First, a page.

Why did the 'Moderates' fail to carry conviction with the nation about their proclaimed ideology and political goals by the end of the nineteenth century?

The moderates believed that the British basically wanted to be just to the Indians but were not aware of the real conditions. Therefore, there political activity majorly involved constitutional agitation within the confines of the law. They wanted to create a strong public opinion to arouse consciousness and national spirit and educate and unite the people on common political questions and eventually persuade the Britishers to introduce reforms in India. They followed the method of prayer and petition and if that failed, they resorted to constitutional agitation.

  1. The moderates achieved little success following such a methodology due to various reasons”
  2. The movement led by moderates had a very narrow social base and masses played a passive role. They lack political faith in the masses.
  3. They failed to widen their democratic base and scope of their demands.
  4. The method followed my moderates was widely criticized which also provided a base for the development of militant nationalism.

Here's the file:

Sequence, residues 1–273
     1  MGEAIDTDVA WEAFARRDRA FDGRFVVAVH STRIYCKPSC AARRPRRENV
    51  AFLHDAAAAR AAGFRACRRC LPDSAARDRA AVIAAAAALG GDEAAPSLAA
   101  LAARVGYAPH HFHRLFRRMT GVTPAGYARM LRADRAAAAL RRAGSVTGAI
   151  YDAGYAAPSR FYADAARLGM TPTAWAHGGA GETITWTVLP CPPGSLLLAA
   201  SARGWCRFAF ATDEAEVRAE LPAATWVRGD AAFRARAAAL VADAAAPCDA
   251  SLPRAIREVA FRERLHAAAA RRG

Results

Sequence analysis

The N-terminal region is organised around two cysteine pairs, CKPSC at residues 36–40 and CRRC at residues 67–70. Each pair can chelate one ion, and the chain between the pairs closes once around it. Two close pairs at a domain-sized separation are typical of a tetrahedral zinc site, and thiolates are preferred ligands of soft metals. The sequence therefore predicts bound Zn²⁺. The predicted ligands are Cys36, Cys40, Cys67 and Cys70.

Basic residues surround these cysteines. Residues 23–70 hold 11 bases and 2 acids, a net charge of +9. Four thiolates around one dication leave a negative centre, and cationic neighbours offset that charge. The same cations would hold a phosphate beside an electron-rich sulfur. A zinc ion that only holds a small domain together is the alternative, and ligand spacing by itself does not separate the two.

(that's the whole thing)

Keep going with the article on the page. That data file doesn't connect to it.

5. The British government did not concede any of the major demands of the moderates. The Indian councils act 1892 was also severely criticized.
  6. The moderates were majorly from law and political background therefor the political jargons used by them were alien to the uneducated masses.

However, the early nationalists did a great deal to awaken the national sentiment, even though they could not draw masses to them. They represented the most progressive forces of the time. They exposed the basically exploitative character of the colonial rule and created a solid base for a vigorous, militant, mass based national movement in the years that followed.

Question for UPSC Mains:
Why did the 'Moderates' fail to carry conviction with the nation about their proclaimed ideology and political goals by the end of the nineteenth century? (150 words)

Published: October 30, 2017 | Modified:April 5, 2020

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